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This article focuses on the way the government of Belize, a postcolony nation in Central America, has to maneuver between its aim to work towards a nation-state mentality and the existence of local ethnic manifestations, which emphasizes the internal diversity in this multiethnic society. The government and all kinds of (non)government-related organizations in Belize promote Belize as an attractive tourist destination. In doing so it is important to promote the variation of possibilities that are available in the country. Ethnic celebrations are one of them. As a tourist attraction these ethnic-related manifestations do have an economic value not only for both the government and business organizations, but also for local entrepreneurs. The authors suggest that the government has three arguments to encourage ethnic-related manifestations. As a result, the ethnic groups are able to take advantage of their special celebrations to attract tourists. In addition, these events are also an opportunity for local entrepreneurs to sell their ethnic merchandise to tourists. Finally, these special celebration days are a possibility for the tourists to get acquainted with local indigenous cultures.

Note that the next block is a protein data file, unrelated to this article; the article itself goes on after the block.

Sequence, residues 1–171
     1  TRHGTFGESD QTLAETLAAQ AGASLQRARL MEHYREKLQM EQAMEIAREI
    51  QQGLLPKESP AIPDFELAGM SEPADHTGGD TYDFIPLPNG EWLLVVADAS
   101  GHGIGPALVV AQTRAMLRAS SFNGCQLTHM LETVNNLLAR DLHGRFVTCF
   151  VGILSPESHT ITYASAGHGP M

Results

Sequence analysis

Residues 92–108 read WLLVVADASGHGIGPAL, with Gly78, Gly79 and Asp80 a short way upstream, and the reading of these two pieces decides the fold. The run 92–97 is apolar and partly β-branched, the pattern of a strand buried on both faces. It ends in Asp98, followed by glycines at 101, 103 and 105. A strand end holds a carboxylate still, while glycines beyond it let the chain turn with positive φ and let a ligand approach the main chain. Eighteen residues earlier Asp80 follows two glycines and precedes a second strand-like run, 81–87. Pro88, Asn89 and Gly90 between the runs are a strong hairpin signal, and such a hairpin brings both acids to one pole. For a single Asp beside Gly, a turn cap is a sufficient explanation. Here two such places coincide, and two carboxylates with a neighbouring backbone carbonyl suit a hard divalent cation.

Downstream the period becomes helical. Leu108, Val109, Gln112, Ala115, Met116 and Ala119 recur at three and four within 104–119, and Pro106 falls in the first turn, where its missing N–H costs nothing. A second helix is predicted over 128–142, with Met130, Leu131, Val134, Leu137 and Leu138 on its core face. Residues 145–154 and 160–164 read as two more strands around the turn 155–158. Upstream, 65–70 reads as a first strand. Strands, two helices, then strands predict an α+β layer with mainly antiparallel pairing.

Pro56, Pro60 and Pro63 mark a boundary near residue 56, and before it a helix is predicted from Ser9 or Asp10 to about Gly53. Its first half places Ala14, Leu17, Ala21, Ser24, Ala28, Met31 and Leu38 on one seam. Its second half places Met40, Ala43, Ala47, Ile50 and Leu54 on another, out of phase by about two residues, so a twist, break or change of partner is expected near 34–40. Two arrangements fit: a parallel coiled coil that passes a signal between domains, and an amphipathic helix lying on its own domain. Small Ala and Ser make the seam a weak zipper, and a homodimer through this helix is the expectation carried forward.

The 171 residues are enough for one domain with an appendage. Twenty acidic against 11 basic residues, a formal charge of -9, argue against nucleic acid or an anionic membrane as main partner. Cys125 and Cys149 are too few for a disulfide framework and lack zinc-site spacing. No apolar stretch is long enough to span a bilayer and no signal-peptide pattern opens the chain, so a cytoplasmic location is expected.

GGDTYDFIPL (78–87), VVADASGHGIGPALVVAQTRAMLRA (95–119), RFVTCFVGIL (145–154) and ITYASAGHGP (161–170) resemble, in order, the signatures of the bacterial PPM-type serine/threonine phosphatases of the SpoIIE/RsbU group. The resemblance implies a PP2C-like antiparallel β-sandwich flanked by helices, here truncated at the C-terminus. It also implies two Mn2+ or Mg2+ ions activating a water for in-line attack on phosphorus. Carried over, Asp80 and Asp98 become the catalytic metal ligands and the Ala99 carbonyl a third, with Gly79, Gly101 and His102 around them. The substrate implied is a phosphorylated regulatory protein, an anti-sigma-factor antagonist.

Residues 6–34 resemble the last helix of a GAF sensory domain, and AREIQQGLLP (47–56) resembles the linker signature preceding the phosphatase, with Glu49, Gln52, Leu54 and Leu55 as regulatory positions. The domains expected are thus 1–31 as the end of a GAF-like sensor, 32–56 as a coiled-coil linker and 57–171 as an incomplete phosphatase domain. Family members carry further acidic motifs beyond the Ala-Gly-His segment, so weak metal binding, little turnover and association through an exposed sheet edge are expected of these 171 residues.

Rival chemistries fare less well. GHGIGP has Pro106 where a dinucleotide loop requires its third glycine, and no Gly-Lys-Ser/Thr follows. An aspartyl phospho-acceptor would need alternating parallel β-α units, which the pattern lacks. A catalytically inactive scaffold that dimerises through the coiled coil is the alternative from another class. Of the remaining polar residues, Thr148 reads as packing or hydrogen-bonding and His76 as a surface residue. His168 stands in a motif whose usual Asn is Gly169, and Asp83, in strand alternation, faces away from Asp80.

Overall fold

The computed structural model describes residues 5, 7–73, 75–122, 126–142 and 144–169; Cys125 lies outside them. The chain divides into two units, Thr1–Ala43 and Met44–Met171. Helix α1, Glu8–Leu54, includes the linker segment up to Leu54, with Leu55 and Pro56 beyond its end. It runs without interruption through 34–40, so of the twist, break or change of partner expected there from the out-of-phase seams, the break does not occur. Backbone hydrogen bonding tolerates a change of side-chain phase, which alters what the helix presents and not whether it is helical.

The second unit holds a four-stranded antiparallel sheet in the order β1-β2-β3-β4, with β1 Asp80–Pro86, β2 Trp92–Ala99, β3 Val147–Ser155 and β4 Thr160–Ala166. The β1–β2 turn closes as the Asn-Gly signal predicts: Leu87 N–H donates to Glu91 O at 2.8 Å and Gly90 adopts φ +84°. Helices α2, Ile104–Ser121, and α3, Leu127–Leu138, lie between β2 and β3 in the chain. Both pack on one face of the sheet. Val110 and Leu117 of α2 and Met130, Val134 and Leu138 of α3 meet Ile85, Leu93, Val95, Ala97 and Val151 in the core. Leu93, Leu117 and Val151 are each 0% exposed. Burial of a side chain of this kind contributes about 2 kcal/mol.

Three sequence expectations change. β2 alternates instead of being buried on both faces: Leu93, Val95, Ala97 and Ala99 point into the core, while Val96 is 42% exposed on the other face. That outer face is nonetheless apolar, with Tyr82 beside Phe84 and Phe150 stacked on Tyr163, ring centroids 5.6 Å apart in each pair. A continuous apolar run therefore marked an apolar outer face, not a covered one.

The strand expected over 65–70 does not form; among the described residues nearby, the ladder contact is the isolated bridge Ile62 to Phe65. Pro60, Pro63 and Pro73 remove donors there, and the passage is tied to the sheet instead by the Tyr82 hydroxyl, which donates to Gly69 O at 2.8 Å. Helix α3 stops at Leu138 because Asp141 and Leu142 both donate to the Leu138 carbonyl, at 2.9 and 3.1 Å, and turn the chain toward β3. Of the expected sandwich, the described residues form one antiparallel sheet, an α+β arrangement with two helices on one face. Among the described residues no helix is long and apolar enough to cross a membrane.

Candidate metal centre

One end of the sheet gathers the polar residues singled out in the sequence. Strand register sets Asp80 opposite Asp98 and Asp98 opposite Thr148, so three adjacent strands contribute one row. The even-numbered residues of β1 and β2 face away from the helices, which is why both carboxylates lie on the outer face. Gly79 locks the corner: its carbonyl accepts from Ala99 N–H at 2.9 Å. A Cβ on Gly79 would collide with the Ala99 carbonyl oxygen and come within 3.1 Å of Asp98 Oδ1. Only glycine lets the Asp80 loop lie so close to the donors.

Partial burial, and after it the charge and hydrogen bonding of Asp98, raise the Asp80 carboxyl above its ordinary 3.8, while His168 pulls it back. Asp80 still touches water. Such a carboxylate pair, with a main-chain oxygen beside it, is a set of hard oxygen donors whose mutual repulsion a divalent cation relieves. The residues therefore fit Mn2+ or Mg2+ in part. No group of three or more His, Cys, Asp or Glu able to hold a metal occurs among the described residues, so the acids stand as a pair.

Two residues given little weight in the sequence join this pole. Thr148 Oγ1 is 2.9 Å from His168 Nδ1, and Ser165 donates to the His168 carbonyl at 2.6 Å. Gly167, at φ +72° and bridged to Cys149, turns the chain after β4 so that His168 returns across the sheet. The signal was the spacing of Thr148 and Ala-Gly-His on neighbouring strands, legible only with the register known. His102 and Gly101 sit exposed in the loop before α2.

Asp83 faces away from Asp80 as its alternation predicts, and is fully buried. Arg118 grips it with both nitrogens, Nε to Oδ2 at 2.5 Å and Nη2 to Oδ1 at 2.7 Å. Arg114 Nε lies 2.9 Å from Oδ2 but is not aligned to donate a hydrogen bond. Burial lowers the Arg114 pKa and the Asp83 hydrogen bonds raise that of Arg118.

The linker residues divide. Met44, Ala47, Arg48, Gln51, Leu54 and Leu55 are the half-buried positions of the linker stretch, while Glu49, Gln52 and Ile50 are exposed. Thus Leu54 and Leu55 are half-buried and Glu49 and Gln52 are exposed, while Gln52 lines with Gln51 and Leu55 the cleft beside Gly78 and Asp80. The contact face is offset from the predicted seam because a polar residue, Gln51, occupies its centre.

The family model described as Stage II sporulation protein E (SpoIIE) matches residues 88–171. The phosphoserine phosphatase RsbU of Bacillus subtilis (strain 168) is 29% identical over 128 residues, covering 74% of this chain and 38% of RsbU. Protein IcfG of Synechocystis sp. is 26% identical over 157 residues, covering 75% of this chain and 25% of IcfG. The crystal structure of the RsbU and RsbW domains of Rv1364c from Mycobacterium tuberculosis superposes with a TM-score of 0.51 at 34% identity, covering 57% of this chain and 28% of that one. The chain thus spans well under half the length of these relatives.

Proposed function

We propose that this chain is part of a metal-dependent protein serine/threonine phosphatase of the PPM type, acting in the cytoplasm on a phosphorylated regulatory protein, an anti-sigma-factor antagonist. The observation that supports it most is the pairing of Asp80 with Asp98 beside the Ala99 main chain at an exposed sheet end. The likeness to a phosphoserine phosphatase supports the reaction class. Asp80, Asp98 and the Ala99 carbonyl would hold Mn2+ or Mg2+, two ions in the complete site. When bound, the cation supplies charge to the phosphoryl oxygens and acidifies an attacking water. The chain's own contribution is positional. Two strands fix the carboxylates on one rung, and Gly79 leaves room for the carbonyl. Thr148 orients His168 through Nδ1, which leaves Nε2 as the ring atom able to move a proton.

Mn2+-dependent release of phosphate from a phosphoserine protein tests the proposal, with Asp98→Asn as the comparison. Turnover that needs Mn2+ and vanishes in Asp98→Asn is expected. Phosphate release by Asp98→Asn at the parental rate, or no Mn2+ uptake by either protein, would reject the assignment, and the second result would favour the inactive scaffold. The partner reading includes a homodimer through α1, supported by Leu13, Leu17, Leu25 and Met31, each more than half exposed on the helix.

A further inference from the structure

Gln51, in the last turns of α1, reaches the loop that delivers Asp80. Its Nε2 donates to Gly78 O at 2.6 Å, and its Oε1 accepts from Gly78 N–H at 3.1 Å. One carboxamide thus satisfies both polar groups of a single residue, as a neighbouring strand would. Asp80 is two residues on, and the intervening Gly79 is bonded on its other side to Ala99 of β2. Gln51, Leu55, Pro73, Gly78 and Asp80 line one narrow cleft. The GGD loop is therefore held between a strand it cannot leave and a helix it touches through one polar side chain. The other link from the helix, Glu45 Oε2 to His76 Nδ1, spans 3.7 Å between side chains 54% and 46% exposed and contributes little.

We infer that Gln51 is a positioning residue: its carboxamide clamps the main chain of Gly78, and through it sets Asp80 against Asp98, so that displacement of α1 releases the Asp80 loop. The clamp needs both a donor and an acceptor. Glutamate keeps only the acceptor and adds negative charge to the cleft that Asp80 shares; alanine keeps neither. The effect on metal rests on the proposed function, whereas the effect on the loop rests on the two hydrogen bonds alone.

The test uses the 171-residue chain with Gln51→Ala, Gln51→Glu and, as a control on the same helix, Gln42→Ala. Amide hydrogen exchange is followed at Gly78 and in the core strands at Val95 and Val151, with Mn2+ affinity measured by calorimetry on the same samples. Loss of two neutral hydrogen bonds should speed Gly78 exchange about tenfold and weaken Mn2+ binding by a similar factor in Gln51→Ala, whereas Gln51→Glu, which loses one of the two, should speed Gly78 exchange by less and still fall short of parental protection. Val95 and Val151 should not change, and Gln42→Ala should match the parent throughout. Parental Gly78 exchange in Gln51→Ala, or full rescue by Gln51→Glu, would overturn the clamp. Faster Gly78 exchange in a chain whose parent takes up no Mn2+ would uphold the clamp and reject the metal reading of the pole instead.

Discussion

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Keywords: Authenticity; Belize; Ethnic tourism; Ethnicity; Nation building

Document Type: Research Article

Affiliations: 1: *Vrije Universiteit Amsterdam 2: †Inholland University

Publication date: 2003-01-01

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  • Tourism, Culture & Communication is international in its scope and will place no restrictions upon the range of cultural identities covered, other than the need to relate to tourism and hospitality. The Journal seeks to provide interdisciplinary perspectives in areas of interest that may branch away from traditionally recognized national and indigenous cultures, for example, cultural attitudes toward the management of tourists with disabilities, gender aspects of tourism, sport tourism, or age-specific tourism.
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